want to hear. Each scout has been watching his assigned position
group for 10 practices, and now each will report in painstaking
detail the players' strengths and weaknesses. One scout says the
offense will be O.K. with the starters at guard and tackle, but
after that, "I don't like any of the other guys we have. Sorry,
"O.K.," you say, looking grim. "Then can we petition the league
to play eight-man football?"
Others jump in. "I don't think we have an H-back," another scout
"[Tight end] Rickey Dudley's a gifted athlete, but he plays
disinterested," another says. "I don't think he enjoys the game."
"[Leading receiver] Kevin Johnson will be passed by [rookie]
Andre' Davis this year," another says.
"I don't know why you're not starting Anthony Henry at
corner--prototype corner, great instincts," another says.
You take it all in, and you thank the scouts for their honesty.
Starting at 2:45, you run a two-hour practice. You move from
position group to position group, teaching a little and observing
a lot. It is such a good practice that, at the end, you tell the
85 players, "You know, it's easy to play on game day. Everybody
gets up for game day. But you know what's tough? Coming out here,
day after day, practicing twice a day in this heat, and
practicing full speed. You know who does that? Winners. Winners
do that! You're practicing like you want to go someplace big.
Because you're doing that for me, I'm going to do something for
you. We're going to have a quick meeting right after this, and
then you're off tonight. Curfew's 11. You're free till then."
You walk briskly toward the bleachers by the practice field and
greet the luxury-seat holders, who are waiting for you. "Every
day when these players come out of the locker room, they see
2,500 Browns fans cheering for them. It is legendary that the
Browns have the best fans in the NFL, and we're so lucky to see
it every day."
It's 6:45, time for the meeting with pro personnel coordinators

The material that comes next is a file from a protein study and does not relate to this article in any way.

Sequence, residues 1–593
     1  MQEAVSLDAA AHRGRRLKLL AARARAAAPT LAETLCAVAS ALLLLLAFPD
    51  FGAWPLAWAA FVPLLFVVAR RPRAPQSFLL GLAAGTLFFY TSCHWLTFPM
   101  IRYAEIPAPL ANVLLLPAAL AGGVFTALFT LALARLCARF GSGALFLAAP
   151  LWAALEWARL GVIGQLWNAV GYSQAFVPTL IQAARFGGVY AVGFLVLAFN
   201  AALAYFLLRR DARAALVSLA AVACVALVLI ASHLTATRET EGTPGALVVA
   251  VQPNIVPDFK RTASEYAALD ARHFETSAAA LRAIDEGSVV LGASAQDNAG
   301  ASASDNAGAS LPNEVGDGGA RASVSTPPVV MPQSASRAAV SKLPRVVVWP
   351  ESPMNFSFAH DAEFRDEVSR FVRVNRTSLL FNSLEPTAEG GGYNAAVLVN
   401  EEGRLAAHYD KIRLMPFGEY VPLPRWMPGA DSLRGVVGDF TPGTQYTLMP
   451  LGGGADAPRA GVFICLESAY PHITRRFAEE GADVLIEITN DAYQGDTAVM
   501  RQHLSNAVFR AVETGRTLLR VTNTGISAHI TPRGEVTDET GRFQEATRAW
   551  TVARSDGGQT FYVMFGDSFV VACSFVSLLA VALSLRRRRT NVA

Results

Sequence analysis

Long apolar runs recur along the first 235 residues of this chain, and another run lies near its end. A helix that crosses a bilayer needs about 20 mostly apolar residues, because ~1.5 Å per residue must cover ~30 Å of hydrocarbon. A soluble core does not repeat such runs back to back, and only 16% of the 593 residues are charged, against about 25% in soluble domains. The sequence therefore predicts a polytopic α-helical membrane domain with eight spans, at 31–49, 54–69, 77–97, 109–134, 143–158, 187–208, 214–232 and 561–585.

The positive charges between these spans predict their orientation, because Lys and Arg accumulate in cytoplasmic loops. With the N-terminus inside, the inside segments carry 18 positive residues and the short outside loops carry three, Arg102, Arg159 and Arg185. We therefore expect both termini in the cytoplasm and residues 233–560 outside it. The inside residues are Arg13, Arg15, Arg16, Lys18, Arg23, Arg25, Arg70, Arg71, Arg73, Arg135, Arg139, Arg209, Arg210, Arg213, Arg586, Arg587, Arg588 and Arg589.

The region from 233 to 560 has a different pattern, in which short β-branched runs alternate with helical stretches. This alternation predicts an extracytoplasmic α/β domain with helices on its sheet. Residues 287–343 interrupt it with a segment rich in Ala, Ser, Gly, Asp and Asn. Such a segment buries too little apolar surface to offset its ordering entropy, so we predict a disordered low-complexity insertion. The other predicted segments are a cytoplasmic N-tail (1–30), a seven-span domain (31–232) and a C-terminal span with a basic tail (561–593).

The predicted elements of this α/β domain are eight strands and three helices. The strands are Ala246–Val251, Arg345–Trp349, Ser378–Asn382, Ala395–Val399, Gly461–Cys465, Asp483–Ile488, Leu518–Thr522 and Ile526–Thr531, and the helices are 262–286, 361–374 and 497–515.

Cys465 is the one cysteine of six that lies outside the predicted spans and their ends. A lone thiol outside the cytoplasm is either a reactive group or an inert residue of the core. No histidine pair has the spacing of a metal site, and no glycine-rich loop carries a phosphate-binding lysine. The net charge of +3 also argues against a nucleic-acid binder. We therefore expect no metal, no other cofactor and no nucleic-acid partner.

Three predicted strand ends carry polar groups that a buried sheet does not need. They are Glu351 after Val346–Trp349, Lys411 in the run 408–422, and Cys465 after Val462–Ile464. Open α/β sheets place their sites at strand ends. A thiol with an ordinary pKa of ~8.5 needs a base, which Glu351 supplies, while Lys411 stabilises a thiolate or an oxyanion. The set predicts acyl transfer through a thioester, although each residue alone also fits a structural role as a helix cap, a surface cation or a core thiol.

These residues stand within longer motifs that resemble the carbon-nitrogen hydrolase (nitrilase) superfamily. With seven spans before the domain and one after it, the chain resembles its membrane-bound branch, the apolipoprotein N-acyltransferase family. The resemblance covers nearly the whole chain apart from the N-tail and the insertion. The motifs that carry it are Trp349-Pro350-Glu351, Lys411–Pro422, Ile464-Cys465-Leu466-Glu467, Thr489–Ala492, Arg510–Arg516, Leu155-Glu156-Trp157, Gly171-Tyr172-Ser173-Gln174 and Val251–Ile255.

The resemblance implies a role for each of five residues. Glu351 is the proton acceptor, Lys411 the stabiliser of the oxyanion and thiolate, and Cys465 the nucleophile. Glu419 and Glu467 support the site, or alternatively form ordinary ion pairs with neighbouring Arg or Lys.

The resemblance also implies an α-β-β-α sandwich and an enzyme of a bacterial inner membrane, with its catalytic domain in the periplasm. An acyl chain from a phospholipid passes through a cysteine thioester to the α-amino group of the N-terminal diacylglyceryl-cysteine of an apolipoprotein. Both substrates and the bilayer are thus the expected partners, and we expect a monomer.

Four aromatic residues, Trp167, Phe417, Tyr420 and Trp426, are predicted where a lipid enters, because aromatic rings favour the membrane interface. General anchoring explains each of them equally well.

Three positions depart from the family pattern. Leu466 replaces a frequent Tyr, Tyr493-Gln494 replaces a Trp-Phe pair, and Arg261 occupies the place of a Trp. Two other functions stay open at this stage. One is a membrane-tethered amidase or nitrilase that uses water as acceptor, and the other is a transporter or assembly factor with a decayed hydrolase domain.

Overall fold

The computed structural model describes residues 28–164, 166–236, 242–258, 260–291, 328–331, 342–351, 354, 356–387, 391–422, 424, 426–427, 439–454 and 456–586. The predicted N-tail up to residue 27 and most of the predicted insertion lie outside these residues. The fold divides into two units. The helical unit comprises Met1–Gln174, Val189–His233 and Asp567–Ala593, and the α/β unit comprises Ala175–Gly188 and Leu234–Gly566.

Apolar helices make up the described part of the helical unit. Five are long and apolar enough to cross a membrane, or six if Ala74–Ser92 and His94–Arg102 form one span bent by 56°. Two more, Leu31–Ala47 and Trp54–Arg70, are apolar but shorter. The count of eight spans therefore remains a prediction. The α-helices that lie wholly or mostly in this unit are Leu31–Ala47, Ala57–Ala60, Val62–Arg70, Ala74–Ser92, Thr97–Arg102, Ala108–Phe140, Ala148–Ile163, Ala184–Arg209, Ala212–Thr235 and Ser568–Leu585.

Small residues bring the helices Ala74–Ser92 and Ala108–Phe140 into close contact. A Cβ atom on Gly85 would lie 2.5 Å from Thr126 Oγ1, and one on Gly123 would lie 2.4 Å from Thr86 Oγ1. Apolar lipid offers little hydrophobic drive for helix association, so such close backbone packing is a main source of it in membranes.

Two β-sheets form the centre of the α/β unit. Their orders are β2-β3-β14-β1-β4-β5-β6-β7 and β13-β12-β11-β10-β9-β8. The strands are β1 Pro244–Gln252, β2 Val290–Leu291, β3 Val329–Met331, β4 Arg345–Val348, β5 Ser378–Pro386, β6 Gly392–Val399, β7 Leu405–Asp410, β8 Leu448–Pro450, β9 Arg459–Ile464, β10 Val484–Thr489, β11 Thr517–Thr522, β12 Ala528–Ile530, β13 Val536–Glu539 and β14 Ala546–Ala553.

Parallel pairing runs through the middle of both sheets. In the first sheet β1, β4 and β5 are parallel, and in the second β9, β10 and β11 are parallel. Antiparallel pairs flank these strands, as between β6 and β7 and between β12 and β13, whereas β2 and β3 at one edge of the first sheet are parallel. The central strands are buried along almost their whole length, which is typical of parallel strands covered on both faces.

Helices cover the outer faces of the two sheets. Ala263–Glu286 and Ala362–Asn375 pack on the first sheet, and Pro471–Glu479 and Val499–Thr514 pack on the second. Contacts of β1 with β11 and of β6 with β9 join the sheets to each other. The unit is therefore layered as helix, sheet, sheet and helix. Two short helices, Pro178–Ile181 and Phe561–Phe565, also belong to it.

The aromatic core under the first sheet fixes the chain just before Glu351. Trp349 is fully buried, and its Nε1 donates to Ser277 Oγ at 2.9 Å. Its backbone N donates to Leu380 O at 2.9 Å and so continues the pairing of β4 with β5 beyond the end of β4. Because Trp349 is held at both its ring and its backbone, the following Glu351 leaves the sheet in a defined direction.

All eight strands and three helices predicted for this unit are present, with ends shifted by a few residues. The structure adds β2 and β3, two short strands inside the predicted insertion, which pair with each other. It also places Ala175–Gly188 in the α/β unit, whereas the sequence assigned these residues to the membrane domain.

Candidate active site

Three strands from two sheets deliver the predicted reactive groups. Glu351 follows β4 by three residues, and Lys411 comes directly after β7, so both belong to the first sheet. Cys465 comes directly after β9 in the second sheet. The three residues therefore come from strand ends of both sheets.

Steve Sabo and Jeremy Green. A contract extension for Johnson is
under consideration, so you had asked them to compare Johnson
with other top receivers over their first three years. The scouts
produce eight pages of stats and notes that you will look over
later. (On Aug. 17, Johnson signed a four-year extension.)
Next you pore over the NFL's daily report on player transactions
and free-agent workouts, a two-page list sent to all clubs at 5
p.m. "Anybody see anyone who might help us?" you ask.
"Kenny Wright, possibly," Green says of the marginal cornerback
released by the Minnesota Vikings. "I know him pretty well. I'm
not in love with him, but he might be worth working out. A couple
of years ago I'd have said, 'Get him,' because he'd have been
better than anyone we had. Not now. I like our chemistry."
"Let's think about him," you say. "Now what about Andre
Wadsworth? I'd like to see him. What about working him out?"
"Not ready, Coach," says Sabo of the former first-round draft
pick who has been plagued by knee injuries since coming into the
league in 1998. "He'll let us know when he's healthy enough."
It's 7:45, and dusk is setting in. You have dismissed the
players, and most of the coaches, also recipients of a night
off, are gone. The building is quiet as you walk back into your
office. After a 14-hour day, you do not look tired. You are a
football CEO. You have surrounded yourself with competent people
who do the preliminary work. You use their information to make
the important decisions.
"It is not ego that makes me want to do this," you say. "It's
confidence in the system that I was brought up in. With the
people I work with, I can spend 75 to 80 percent of my time on
football, on coaching. I never have to be a micromanager. I just
have to be the one who ultimately pulls the trigger."
Check out Peter King's Monday Morning Quarterback every week this
season at cnnsi.com/football.
COLOR PHOTO: PHOTOGRAPH BY BOB ROSATO
COLOR PHOTO: BOB ROSATO IN CONTROL Davis is clearly the man in charge but adds, "If I have to be the idea guy for everybody, it pisses me off."
COLOR PHOTO: BOB ROSATO SHERMAN
COLOR PHOTO: BILL FRAKES FISHER
COLOR PHOTO: DAMIAN STROHMEYER MARIUCCI
COLOR PHOTO: PAUL SANCYA/AP CAMPO
COLOR PHOTO: ROBERT BECK (SHANAHAN)
COLOR PHOTO: HANK YOUNG
COLOR PHOTO: BOB ROSATO COMMUNICATOR Believing no detail is too small, Davis talks to his staff about aspects such as linemen's positioning on special teams.
The Powers That Be
SI's ranking of the 32 NFL coaches based on the power they wield
within their respective organizations
1. Mike Shanahan, Broncos
Back-to-back Super Bowl wins cemented his authority as supreme
2. Mike Sherman, Packers
Surprised? After G.M. Ron Wolf retired, power shifted to Sherman,
who wears it well
3. Mike Holmgren,
Seahawks Mediocre record (24-24) threatens his status; probably
needs a playoff berth to keep control
4. Butch Davis, Browns
Already has control over all personnel matters, just doesn't
have front-office title
5. Bill Belichick, Patriots